“God is so powerful he could break this school in two,” says Kyle, 6. It sounds like it’s a tough day at school, Kyle.
“God is so powerful he can be the best pilot in the Navy,” says Zach, 7. I’m sure the midshipmen at Annapolis will sing “Anchors Aweigh” when they read this.
“God is so powerful, he could destroy everything he made in the blink of an eye,” says Sarah, 11.
That’s an eye-opening thought and a sobering one. It’s easy to forget the awe-inspiring glory of God’s creation amid the bright lights and man-made structures of the city.
The Bible portrays the immensity of the heavens as the mere finger work of an all-powerful God (Psalm 8:3). We quake with fear at the destructive power of an atom bomb, but we forget that God spoke and worlds came into being.
When it comes right down to it, “God is so powerful, he can do anything he wants to,” says Moriah, 11.
While the mythological gods of the ancient Greek pantheon often appear capricious in their exercise of power, the God of the Bible acts consistently with his goodness. Lately, I’ve found myself thinking about God’s grace in the restraint of his power. Would any of us be here if God immediately judged us for our sins against him and others?
We can see God’s power every day in creation, but what about his ability to deal with a jealous co-worker or an obnoxious relative? Can I trust God to deal with people who get under my skin? Is God’s power in me so great that I can pray for my enemies instead of plotting their destruction?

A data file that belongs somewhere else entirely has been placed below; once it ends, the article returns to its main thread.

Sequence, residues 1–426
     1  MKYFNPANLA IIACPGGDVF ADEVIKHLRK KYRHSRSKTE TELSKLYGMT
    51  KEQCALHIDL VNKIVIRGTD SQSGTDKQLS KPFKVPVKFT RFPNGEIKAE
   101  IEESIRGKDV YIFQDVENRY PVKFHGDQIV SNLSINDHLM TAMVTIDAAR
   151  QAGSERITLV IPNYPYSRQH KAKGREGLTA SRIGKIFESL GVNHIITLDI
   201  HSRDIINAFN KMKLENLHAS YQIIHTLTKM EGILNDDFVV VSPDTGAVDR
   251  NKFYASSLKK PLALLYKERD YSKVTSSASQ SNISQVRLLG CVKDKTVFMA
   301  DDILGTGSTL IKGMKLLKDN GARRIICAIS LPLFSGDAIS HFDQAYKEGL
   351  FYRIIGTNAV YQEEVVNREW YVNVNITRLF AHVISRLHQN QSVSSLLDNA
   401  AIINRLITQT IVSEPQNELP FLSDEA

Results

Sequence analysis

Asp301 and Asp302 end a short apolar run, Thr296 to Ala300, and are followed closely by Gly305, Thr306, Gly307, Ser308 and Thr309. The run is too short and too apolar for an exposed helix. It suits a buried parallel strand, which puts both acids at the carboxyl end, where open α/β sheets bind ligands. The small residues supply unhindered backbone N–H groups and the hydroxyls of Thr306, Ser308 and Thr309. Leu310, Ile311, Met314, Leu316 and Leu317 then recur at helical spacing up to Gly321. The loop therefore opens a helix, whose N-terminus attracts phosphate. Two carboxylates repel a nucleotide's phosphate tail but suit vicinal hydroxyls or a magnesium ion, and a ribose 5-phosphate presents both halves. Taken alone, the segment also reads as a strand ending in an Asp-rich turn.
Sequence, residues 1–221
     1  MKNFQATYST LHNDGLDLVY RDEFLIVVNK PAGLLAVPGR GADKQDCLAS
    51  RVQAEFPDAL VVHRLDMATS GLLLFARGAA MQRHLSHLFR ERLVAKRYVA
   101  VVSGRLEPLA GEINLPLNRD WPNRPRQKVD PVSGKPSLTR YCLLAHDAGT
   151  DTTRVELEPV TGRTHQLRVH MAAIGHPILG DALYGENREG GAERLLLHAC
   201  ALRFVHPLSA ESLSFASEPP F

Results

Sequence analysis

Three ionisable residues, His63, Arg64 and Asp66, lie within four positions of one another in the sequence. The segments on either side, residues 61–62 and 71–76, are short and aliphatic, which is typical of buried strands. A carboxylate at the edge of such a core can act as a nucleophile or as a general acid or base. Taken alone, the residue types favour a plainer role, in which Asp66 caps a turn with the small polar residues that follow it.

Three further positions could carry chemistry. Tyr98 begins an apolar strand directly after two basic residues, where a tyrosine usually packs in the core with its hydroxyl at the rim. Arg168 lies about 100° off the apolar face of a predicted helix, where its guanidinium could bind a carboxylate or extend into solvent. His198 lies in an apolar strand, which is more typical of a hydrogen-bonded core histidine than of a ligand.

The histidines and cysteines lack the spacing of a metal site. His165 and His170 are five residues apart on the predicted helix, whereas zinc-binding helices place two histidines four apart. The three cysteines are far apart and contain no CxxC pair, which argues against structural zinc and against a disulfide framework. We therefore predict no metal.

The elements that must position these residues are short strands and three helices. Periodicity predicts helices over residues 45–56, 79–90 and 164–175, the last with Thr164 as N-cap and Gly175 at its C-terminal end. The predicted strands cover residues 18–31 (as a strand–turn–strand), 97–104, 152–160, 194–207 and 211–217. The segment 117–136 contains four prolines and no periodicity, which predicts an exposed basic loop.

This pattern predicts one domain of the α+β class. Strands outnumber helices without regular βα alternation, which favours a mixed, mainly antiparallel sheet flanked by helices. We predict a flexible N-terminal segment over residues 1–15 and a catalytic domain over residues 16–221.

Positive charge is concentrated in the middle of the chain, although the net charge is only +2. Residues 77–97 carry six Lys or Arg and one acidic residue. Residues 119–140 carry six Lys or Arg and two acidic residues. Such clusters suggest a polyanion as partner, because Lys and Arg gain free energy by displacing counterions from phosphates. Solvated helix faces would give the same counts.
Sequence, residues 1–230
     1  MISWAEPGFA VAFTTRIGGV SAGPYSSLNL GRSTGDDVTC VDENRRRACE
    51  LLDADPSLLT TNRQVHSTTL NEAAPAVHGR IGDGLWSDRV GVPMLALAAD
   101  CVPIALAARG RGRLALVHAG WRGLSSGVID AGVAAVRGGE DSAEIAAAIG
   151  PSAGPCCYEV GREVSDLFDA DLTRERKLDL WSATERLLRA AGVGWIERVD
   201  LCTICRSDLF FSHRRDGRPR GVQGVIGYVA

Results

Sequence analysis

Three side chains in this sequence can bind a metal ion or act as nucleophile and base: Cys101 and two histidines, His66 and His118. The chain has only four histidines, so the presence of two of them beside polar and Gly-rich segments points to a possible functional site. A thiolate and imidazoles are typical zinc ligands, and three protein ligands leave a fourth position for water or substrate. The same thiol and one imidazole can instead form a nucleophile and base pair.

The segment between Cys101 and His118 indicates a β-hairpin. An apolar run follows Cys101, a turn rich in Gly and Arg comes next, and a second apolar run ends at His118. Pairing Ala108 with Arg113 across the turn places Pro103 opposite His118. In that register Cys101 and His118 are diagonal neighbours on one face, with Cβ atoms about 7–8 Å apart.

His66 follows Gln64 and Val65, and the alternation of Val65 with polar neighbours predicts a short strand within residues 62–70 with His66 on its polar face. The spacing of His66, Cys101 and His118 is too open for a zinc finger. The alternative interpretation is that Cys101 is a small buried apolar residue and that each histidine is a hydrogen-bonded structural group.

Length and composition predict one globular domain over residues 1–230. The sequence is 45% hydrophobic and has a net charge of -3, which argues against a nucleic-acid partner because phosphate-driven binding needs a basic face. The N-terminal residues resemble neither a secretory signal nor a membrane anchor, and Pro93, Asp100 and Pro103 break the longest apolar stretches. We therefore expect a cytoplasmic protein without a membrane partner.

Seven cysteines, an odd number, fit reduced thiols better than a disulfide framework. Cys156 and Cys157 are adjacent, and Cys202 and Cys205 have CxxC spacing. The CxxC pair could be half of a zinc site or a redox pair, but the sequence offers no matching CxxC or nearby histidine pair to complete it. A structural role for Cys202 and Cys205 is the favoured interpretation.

“God is so powerful he made all the people on the earth different colors, and the animals furry and different types,” says Taylor, 7. If God didn’t like diversity and variety, he would have made us all alike.
“God says that He is all powerful. He always does what he promises!” says Lacey, 11.
The Bible contains more than 30,000 promises. When Christians link the power of God with the promises of God, they will enjoy the peace of God. Every test we face for the strengthening of our faith boils down to believing a promise from God. We build our character by proving his character when we face the unknown by standing on His promises.
“God has love in his power,” says Lindsay, 6. In fact, “He’s so powerful, he loves us,” says Kate, 6.
“God is so powerful he let Jesus die on the cross and let him rise again,” says Adam, 10. Yes, now you’re seeing something paradoxical. This shameful crucifixion, a criminal’s death between two thieves, looked like humiliation and defeat. It was the power of a love so great that God spared nothing (not even his only Son) in his efforts to restore harmony with us.
Katy, 7, sums it up when she writes, “God is so powerful he can take away our sin.”
Think about this: Angels must have strained with anticipation and fingered their swords as they waited for a command from Jesus to strike down the Roman soldiers who nailed him to a cross. The command never came.
Memorize this truth: “For I am not ashamed of the gospel of Christ, for it is the power of God to salvation for everyone who believes, for the Jew first and also for the Greek” (Romans 1:16).
Ask this question: Do you know the power of His forgiveness in your life?
Kids Talk About God is designed for families to study the Bible together. Research shows that parents who study the Bible with their children give their character, faith and spiritual life a powerful boost. To receive Kids Talk About God three times a week in a free, email subscription, visit www.KidsTalkAboutGod.org/email.
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